Sunday, May 19, 2024

The Cost-Of-Living Crisis Is Tough On Female Employees Both Emotionally And Financially

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A survey of UK employees found the following points:

The majority of female workers feel their employers have not increased their pay following inflation (70%)

Since the start of 2022, 67% of women have suffered a decline in their financial condition.

Compared to 52% of men, 61% of women say that their most significant source of stress is money.

New research from Mintago indicates that nearly half of women have trouble sleeping due to financial worries.

The financial wellbeing platform polled 1,024 UK people with full-time jobs. In contrast to 58% of males, it was shown that more than two-thirds (67%) of women had seen a decline in their financial condition since the start of 2022.

Since the start of2022, the monthly outgoings of more than half(54%) of women have increased by at least twofold. Men (45%) have had less experience with this.

Most women (70%) claim that their company has not increased their pay to keep up with inflation. Contrarily, a third (33%) of males have seen their wages rise to keep up with inflation.

Men (55%) and women (54%) share the same discomfort when talking to their employer about personal matters, such as their mental health or financial concerns.

Compared to 52% of men, 61% of women say their money is what stresses them out the most. Additionally, 40% of men and nearly half (46%) women report losing sleep due to financial stress.

To conserve money, most women (81%) said they prioritise short-term financial obligations over long-term ones, such as paying off debt and utility bills. In comparison, 70% have scaled back on social commitments.

In contrast, 64% and 56% of males have stated these things.

“Unfortunately, gender financial discrepancies are nothing new,” said Chieu Cao, CEO of Mintago. But it is deeply troubling to note that during the cost-of-living crisis, women appear to be experiencing more emotional and financial hardship than males.  Therefore, action must be taken.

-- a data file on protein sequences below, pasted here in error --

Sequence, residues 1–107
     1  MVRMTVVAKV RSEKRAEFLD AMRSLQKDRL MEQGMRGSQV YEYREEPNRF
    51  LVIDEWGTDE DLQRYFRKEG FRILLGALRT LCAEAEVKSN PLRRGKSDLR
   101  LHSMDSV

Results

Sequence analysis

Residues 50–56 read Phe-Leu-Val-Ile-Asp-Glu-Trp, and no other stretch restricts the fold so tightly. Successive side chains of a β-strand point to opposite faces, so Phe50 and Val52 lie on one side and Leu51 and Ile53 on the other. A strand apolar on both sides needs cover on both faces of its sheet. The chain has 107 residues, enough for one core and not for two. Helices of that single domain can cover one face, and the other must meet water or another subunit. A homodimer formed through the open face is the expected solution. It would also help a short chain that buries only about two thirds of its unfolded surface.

Businesses must prioritise reducing the gender wage gap and giving more women opportunities to advance within their organisations. Although such change will indeed take some time, companies can still take action to solve this problem. 

A step in the right direction would be to conduct one-on-one mental health examinations or offer financial management platforms to assist individuals in better understanding and managing their financial circumstances.

Financial well-being specialist at Mintago Rachele Carraro stated: “Women have historically been at a disadvantage, so it is unsurprising that we are facing the brunt of the cost-of-living crisis. Of course, the main reason for this is the gender wage gap, which is at 7.9%. 

However, the reality is that the current crisis reflects the increasing financial load that women confront in the workplace as well as in society, with inflation, electricity costs, and fuel prices at record highs.

In the past, women were often expected to handle more of the household’s caregiving duties. In reality, according to recent studies, women spend 70 more minutes each day cleaning the house than men, and they frequently manage the household budget. 

With this in mind, many women may better understand their financial situation, likely leading to increased financial stress.

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